Charles Thompson and Dennise
On June 13, 1997 Charles Thompson met Dennise Hayslip. It was his birthday. He was 27 and she was 38 years old. They began an intimate relationship and were living together. From time to time, one would move out, but this never lasted long, as they were in love and always got back together.
Alcohol had a negative influence on their relationship. Charles Thompson was an alcoholic, and quick tempered when drunk. Dennise drank as well. Charles Thompson normally started drinking – mainly beer – at lunchtime. Together, they frequented several bars and pubs, 5 to 6 nights a week. When out, Charles Thompson would also drink strong spirits. Unbeknownst to Dennise, Charles Thompson did drugs from time to time. Their relationship took a turn for the worst when Dennise found out about it. She had left her former husband because of his cocaine habits.
At the time the tragedy happened, they were seeing each other, yet living in their own apartments.
The tragedy was pre-programmed when Dennise became romantically interested in Darren Cain. When Charles Thompson was out of town working, she began having an affair with Darren. On April 29, 1998 Dennise and Charles Thompson were out at their Wednesday night spot. A bartender of the pub where they drank testified that Dennise and Charles Thompson had argued, but did not see any evidence of violence between them. A friend who was with them that night, later testified that they had a good relationship. The friend knew Charles Thompson for over seven years. They occasionally worked together in the refrigeration business. He had known Dennise for almost a year.
On the night of April 30, 1998, Darren Cain was working in a bar till 2:00 a.m. Cain decided to go to the apartment of Dennise Hayslip, even though Charles Thompson was there. Cain was under the influence of alcohol and also had consumed some cocaine. A friend of Darren Cain later testified that his childhood friend told him that night that he was going to “confront” Charles Thompson. When Cain arrived at Dennise’s apartment, Thompson got angry. Cain hit him several times in the face, causing Thompson’s face to swell on the left side. A neighbor called the Harris County Sheriff Department. Sheriff Deputy William Coker came to the scene. He later said it was at approximately 3:00 a.m. He saw Hayslip, Cain and Charles Thompson standing outside as he approached the building. Each appeared calm and cool. Charles Thompson had a swollen face. During his interviews, Sheriff Deputy Coker determined that Charles Thompson started the fight with Cain over Dennise Hayslip. No one wanted to file charges and Charles Thompson was ordered to leave the property and not return that night.
Charles Thompson returned a little after 6:00 a.m., after calling Dennise who confirmed Cain was gone. Shortly thereafter, Cain also returned to Dennise’s apartment. When Thompson opened the door, a new fight ensued.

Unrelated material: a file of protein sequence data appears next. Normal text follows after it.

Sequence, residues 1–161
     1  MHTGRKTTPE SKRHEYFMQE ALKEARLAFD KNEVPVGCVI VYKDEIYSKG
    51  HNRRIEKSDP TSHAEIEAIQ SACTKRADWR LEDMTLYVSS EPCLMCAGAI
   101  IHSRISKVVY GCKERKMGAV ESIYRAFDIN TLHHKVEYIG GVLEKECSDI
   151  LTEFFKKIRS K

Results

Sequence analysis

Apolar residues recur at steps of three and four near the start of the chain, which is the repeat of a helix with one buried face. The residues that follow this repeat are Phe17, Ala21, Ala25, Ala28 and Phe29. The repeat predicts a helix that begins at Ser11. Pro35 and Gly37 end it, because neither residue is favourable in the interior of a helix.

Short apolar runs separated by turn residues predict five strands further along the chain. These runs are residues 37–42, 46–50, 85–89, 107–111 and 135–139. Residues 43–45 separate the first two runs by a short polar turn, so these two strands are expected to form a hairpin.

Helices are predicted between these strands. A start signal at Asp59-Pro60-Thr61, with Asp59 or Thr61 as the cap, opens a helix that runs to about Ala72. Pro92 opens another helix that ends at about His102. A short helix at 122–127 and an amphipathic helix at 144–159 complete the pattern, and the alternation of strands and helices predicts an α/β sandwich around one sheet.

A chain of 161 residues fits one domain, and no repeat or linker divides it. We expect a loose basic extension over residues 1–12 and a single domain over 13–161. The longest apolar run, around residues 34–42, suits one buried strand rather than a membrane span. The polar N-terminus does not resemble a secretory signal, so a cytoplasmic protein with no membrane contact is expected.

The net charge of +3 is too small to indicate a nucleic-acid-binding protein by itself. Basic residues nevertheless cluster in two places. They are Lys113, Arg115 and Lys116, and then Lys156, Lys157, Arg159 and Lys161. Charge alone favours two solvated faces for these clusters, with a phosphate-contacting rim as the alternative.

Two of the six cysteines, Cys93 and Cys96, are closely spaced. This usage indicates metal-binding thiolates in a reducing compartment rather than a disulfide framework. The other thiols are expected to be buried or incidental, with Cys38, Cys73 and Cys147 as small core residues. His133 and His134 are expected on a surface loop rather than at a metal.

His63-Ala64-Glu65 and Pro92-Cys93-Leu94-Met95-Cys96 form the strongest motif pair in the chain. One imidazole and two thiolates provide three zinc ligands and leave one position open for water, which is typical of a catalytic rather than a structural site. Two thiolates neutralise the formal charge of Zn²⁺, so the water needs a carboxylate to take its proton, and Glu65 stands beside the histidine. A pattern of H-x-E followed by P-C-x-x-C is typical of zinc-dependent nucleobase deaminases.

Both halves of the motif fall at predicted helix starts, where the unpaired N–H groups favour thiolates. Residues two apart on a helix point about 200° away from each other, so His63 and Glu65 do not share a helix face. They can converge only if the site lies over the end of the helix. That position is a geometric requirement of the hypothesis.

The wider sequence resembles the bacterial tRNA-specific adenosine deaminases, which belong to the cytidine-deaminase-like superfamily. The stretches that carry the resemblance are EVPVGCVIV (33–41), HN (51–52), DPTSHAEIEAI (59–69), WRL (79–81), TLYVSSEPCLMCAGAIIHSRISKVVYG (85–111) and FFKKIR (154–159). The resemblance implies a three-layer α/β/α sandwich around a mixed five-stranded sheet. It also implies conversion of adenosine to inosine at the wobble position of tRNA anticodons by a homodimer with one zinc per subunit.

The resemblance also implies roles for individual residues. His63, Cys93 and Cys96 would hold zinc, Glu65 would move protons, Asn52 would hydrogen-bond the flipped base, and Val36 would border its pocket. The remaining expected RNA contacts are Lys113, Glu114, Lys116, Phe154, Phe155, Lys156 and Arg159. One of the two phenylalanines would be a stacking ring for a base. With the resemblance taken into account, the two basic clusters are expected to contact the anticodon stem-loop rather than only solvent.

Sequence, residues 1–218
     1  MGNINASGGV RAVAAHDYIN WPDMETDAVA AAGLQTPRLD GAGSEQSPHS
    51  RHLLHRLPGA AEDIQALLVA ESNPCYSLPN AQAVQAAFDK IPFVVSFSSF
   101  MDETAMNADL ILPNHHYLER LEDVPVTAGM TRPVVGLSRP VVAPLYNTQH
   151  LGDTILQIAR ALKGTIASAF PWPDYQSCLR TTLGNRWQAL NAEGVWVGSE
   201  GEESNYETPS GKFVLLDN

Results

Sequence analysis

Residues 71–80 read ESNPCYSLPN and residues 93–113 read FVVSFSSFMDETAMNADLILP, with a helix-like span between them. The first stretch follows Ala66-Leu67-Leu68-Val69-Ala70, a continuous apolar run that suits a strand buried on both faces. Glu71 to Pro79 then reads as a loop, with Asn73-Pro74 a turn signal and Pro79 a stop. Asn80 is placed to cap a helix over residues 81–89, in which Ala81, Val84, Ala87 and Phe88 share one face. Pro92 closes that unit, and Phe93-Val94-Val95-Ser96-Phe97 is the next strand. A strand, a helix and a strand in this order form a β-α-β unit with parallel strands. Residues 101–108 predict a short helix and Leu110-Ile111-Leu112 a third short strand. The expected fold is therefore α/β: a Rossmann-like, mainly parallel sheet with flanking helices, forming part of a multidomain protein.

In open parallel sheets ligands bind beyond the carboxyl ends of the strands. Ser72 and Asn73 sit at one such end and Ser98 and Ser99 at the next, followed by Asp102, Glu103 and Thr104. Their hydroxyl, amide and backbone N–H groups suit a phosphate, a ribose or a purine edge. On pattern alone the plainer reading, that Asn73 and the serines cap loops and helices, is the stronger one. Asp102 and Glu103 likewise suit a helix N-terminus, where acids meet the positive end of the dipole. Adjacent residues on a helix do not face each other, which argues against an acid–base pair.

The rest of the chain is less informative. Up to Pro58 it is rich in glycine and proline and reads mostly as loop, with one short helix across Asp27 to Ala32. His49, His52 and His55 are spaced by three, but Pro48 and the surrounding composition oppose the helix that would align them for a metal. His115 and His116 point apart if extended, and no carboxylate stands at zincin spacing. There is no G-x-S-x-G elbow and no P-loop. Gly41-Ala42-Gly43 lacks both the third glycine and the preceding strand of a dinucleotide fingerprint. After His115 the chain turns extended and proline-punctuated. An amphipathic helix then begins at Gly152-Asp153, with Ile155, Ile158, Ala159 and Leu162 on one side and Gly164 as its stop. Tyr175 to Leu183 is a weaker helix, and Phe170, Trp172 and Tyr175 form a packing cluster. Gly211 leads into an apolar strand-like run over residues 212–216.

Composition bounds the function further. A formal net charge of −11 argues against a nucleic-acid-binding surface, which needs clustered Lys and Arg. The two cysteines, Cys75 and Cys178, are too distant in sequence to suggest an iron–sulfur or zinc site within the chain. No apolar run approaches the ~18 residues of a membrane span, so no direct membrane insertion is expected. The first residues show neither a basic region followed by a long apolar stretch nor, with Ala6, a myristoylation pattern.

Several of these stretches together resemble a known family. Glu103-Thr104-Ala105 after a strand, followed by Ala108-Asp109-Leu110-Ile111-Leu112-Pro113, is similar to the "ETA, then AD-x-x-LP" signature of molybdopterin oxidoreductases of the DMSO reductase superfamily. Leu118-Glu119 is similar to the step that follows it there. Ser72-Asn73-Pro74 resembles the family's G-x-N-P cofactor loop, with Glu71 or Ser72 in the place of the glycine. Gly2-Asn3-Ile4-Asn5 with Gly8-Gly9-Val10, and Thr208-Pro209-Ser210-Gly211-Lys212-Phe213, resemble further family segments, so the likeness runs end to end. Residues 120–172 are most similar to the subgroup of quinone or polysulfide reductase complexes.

When Deputy Coker returned to the apartment three hours after his first appearance, he found Dennise Hayslip shot and bleeding from the mouth. She was conscious but unable to speak. She herself had gone next door to get help and summon assistance. Hayslip was taken by helicopter to the emergency room at Hermann Memorial Hospital. During the flight, Hayslip was sitting up and alert. Cain unfortunately died as a result of his wounds and Chuck got wounded by gunshot.
What happened to Dennise Hayslip?
The brother of Dennise Hayslip testified later in trial that the nurse accompanying Dennise in the helicopter indicated to him that his sister would recover from her wounds. The nurse cannot testify herself anymore because she later died in a helicopter crash.
Dr. Robert Martin, the attending physician in the emergency room, related that Ms. Hayslip was shot through the face, suffering a broken jaw and injuries to her mouth area only. Ms. Hayslip developed difficulties with her breathing and a naso-tracheal intubation was performed to assist her. But the medical staff accidentally put the tube into Dennise’s esophagus instead of her trachea. As he was preparing for the surgery, Dr Martin was recalled to the operating room because Ms. Hayslip’s breathing condition had worsened. She had been left unattended while hospital personnel scrubbed in preparation for her operation.
Due to the error in ensuring proper oxygenation for Dennise, she firstly sustained brain damage and finally became brain dead. The family made the decision to turn off Dennise’s life support systems. Ms. Hayslip died on May 6, 1998 as a result of a medical error. The family pursued civil litigation against Dr. Martin and the hospital, but lost the law suit against the hospital in July 2002.
After reviewing the medical records of Ms. Hayslip, Dr. Pat Radalat, a licensed physician and attorney, testified and gave his opinion that her wounds were not lethal if proper medical care and treatment had been performed by medical personnel at the time of the operation.